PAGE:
Always assume that your voting rights are under attack. The best way to counteract it is to pay attention and also be on the offensive. Here’s what’s going on in a handful of states–some of it is good news, and some of it isn’t.
The state legislature has approved a measure to change its Constitution to allow no-excuse absentee ballots. The measure just has to survive one more round of voting following the 2020 elections to take effect.
Voting rights activists, backed by both the state Attorney General and Secretary of State, are mounting a big push to get a same-day registration bill passed in the legislature.
The GOP-led legislature will put forward a ballot measure to ask the voters to repeal part of the fair redistricting system they approved two years ago.
A judge has ordered the state to provide “inactive voter” lists at polling sites, finding that a refusal to do so violates the Equal Protection Clause of the 14th Amendment.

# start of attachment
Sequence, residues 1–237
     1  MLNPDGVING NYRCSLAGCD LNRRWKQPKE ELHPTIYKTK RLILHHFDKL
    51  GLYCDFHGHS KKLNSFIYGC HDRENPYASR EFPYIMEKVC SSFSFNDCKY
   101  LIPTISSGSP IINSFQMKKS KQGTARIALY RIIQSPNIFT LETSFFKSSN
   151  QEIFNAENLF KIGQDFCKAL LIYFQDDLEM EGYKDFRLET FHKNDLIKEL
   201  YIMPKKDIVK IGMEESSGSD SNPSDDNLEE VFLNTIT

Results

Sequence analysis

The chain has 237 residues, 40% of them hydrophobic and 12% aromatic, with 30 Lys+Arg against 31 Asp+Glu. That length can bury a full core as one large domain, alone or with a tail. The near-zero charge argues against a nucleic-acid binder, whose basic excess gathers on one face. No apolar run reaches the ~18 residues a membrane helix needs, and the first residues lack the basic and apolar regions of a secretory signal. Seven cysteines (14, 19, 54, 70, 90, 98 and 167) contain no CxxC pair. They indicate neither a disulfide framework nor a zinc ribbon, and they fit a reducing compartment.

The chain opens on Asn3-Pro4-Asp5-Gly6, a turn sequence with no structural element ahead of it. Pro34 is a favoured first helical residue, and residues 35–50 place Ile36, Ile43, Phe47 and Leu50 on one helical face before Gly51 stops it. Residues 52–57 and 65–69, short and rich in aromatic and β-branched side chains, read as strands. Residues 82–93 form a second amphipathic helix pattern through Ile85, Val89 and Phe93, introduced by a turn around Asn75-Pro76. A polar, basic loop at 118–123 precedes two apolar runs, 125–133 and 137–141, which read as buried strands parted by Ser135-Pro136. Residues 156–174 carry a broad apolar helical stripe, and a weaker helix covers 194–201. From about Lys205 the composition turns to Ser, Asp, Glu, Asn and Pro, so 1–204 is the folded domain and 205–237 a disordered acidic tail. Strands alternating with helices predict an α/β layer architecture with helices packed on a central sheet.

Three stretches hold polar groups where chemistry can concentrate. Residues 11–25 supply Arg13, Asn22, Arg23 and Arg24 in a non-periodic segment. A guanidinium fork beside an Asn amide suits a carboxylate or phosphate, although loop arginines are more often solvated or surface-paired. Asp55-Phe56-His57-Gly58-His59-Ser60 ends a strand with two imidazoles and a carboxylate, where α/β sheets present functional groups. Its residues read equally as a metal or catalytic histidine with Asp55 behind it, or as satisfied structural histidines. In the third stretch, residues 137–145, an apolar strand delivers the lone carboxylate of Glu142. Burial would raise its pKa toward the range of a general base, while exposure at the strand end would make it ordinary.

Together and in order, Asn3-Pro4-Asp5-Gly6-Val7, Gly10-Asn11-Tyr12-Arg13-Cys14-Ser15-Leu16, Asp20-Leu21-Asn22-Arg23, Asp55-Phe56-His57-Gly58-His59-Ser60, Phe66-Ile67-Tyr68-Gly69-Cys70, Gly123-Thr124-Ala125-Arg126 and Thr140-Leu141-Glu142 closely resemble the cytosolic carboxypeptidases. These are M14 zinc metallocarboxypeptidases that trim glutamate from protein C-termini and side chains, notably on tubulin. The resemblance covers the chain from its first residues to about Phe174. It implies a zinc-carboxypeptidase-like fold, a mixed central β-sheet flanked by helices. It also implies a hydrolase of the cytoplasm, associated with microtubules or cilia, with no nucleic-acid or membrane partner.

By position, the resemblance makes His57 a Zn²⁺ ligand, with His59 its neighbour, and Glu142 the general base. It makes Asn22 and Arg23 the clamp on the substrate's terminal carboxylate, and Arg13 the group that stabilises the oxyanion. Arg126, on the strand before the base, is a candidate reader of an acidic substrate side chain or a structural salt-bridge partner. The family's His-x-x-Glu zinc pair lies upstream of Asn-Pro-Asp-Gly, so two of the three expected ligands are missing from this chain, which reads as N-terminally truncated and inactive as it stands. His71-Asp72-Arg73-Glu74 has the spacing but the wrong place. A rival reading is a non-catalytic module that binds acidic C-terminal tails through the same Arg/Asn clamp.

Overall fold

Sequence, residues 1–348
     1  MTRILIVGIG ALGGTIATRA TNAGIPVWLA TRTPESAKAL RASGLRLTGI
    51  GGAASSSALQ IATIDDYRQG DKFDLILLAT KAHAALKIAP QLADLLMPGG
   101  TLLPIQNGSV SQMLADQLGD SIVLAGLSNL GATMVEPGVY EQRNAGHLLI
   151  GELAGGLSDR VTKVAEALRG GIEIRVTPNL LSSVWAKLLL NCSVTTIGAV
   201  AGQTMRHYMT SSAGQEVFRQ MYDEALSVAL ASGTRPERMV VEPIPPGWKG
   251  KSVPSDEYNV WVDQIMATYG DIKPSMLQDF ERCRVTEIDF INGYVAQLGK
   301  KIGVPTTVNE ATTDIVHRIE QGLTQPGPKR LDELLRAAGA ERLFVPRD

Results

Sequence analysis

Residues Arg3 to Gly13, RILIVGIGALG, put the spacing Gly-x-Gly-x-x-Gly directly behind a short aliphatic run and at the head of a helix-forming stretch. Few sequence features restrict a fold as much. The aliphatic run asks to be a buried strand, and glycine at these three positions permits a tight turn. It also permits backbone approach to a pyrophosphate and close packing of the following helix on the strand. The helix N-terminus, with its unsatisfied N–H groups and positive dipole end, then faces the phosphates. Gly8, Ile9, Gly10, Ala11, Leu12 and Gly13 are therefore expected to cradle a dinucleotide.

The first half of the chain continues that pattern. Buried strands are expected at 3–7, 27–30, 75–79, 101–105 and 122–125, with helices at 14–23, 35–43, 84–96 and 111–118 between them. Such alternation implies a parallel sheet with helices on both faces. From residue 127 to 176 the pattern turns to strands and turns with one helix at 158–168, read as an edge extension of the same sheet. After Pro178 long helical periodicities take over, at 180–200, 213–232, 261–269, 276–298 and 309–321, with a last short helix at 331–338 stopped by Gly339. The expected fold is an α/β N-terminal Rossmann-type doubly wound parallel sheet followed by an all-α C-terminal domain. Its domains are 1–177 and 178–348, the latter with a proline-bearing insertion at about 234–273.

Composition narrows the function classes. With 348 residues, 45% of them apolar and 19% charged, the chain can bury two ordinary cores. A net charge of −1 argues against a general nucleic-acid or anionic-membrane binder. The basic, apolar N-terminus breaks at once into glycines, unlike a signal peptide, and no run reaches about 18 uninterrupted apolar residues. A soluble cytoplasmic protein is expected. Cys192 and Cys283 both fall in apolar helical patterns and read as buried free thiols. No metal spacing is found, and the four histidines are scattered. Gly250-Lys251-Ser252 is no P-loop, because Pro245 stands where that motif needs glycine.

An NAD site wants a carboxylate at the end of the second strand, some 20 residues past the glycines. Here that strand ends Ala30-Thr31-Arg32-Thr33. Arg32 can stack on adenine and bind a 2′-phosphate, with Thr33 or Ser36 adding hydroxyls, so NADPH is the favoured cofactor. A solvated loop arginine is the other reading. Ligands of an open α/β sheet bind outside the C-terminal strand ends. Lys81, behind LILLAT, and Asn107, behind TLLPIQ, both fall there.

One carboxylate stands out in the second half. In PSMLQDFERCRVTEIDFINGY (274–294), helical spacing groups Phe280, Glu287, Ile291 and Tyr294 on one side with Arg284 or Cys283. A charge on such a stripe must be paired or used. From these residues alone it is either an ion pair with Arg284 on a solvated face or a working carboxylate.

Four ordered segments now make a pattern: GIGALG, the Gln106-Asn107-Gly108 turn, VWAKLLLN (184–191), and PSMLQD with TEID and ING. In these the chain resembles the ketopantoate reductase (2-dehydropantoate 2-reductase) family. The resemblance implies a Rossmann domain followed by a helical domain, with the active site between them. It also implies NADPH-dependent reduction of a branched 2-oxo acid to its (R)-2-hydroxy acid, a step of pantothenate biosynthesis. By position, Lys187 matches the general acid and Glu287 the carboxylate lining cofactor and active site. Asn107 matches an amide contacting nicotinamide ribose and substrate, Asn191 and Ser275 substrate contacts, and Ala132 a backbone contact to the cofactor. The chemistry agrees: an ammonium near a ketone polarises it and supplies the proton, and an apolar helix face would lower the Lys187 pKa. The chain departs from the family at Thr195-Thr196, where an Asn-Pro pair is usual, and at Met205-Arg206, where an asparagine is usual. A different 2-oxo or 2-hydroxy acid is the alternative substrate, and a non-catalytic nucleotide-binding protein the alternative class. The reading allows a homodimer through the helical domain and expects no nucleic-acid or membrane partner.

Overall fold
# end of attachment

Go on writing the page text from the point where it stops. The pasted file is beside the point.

A federal judge ruled that the state’s voter ID law will not take effect and was created with “racially discriminatory intent.”
The Republican governor has approved rules to make it easier for Native Americans to cast a provisional ballot and ensure that it will be counted, by giving Native tribal officials the authority to work with local election boards.
Although the state legislature currently has the power to redraw district lines, the Oklahoma Supreme Court recently heard arguments to challenge that power. The Supreme Court rejected the proposal but on grounds that allow for the supporters of the initiative to make a few changes and try again.
The GOP-led state House voted to disallow Native Americans from using their tribal ID cards to register to vote.
The Republican led legislature is working through the final hurdles for the state to conduct all of its election exclusively with mailed ballots.
Yesterday, the state House (which flipped to a Democratic majority after the 2019 elections) voted to allow same-day registration on Election Day.